POZ: That album came out on IRS Records, which was a legendary label that had gone away for a while. This was supposed to be their big relaunch. And to be honest, I haven’t heard much from IRS since your album came out with them.
EN: Yeah, we shut ‘em down man! [Laughs] We really did. We put out that record, and it went awesome, everything went great, but we worked ourselves to the bone, and I think by the time… The whole record industry is all just thin ice, and you never know where to step. With the self-titled we were on Warner, and then they fell apart, and we just kind of jumped over to EMI, which IRS was a subsidiary of, and then EMI kind of fell apart. We were able to make these records and escape just before the whole ship sank, and now, this one, we just did it ourselves.
POZ: The other thing I wanted to talk a little about with Church was some of the tours you ended up on. The Darkness, I guess, was an obvious pairing after having Justin produce the album, but then you actually opened for Slash [of Guns ‘n Roses and Velvet Revolver fame] for a while. I caught your show in New York when you were opening for him and that was definitely one of the weirder audiences I’ve been in when seeing one of your shows. How did you feel about those tours you ended up on? Do you feel like it worked? Was it a fun challenge to be out of your element?
EN: I’ve always felt like, no matter who you put us in front of, it just doesn’t matter. We will do our thing no matter what, no matter who’s out there in the crowd. It just doesn’t matter. I’ve always taken pride in the fact that we can do what we do, that’s it, we do what we do, and whoever you want to put us in front of, it will work, because we just do that. It was definitely a group of people we had never been in front of before, but at the same time I love challenging the band. I felt like it was a great thing for the band, and I feel like being in the presence of the guys who have been in the game a lot longer, like Slash, it’s fun to be around them, you know? Just be in the same room and see someone who’s been through it all before.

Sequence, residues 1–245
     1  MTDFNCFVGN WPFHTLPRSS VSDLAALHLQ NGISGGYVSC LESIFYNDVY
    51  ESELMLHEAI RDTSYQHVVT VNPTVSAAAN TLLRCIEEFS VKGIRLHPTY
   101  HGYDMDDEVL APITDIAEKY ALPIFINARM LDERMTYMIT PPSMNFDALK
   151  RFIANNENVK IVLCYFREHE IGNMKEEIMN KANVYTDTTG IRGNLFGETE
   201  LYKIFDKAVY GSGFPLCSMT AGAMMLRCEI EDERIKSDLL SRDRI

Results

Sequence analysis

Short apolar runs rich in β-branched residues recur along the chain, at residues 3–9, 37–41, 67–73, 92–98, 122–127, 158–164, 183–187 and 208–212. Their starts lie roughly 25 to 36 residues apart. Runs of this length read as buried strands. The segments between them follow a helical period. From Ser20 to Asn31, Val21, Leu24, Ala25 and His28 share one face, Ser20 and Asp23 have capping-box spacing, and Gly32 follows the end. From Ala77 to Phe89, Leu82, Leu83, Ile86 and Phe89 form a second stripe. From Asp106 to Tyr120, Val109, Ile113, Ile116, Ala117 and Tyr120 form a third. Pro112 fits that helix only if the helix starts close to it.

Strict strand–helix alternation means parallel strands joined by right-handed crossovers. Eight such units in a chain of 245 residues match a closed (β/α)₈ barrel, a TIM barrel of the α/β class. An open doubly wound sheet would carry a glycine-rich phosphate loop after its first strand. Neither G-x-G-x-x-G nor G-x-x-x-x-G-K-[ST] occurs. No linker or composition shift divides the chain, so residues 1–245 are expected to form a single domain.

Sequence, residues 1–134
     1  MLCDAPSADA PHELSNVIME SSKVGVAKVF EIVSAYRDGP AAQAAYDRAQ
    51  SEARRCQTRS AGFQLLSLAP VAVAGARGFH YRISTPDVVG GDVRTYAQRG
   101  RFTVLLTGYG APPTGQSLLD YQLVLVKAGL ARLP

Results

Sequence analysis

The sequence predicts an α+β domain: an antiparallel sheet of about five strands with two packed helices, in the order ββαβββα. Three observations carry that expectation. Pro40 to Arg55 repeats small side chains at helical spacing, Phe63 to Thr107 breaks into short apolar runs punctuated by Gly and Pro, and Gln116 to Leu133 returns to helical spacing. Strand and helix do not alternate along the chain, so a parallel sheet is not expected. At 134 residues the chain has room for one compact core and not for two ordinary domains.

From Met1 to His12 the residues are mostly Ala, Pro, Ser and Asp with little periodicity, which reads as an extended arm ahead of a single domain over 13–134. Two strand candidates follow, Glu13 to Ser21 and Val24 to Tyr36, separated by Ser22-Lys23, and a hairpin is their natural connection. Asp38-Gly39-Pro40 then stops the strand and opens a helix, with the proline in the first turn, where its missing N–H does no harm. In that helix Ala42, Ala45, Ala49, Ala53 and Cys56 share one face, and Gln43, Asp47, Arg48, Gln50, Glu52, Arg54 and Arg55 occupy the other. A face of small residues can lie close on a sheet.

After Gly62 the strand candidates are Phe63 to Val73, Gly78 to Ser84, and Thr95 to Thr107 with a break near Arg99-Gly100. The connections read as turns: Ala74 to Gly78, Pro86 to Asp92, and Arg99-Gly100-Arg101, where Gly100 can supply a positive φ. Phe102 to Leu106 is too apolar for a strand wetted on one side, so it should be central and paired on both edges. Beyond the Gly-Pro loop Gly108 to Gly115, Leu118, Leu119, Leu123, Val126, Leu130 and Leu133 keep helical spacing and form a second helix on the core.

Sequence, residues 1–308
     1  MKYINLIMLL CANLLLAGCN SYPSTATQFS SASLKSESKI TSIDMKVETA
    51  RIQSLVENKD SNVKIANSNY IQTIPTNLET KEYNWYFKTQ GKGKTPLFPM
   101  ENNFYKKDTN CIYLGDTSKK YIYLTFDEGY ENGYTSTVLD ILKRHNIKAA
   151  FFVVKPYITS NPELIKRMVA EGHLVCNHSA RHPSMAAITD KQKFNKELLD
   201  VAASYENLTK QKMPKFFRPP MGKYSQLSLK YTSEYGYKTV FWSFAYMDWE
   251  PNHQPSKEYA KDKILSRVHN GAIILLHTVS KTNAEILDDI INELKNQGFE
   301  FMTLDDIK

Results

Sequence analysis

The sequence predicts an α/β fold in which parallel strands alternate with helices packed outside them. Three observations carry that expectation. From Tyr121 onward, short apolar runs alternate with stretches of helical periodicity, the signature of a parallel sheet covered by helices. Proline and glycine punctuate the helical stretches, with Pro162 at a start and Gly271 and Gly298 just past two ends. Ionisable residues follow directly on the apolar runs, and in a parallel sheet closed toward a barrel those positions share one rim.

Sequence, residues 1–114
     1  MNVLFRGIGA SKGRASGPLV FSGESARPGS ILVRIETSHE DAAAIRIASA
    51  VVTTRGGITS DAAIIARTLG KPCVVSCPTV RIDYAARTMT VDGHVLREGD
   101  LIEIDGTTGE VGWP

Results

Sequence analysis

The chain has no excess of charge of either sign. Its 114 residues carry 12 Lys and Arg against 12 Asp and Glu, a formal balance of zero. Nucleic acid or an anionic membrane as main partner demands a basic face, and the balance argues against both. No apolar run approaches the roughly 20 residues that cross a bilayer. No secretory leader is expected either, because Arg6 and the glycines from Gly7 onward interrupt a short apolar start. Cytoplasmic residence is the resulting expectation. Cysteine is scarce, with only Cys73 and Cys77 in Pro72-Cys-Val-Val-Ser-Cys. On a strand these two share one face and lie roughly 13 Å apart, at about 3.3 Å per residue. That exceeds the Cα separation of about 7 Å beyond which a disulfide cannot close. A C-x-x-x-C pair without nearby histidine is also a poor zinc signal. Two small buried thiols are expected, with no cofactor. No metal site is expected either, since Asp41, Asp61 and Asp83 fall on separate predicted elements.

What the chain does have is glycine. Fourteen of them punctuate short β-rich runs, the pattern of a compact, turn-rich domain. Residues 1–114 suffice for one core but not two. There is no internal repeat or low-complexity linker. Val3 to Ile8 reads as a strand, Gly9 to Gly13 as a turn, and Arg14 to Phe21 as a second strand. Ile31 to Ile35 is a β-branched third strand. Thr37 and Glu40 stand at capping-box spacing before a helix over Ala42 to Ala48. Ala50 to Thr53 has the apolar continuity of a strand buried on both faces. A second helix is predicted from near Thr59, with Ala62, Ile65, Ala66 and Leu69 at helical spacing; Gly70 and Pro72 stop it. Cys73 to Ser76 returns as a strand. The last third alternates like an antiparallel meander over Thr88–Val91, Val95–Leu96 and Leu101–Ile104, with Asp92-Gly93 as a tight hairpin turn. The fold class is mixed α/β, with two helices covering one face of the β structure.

POZ: It was definitely a weird crowd for a Foxy show, but one of the coolest things about it was seeing people slowly get won over as your set went on. A lot of old metalheads started kind of getting into it — you could tell, the headbanging started a little bit, the devil horns went up.
EN: It’s kind of the story of my life, winning people over. They’re not really sure at first with us.
POZ: Did you get to hang out with Slash at all backstage, or does he keep to himself?
EN: We definitely interacted a little bit, you know, we appreciated each other. He chose us to come out on tour, so we were very honored to have him do that. We would exchange a little bit, but, you know, only on a quick, passing-by type thing. But he had lost his voice on some of the tour, so it was kind of hard to communicate.
POZ: He was on vocal rest backstage?
EN: [Laughs] Yeah.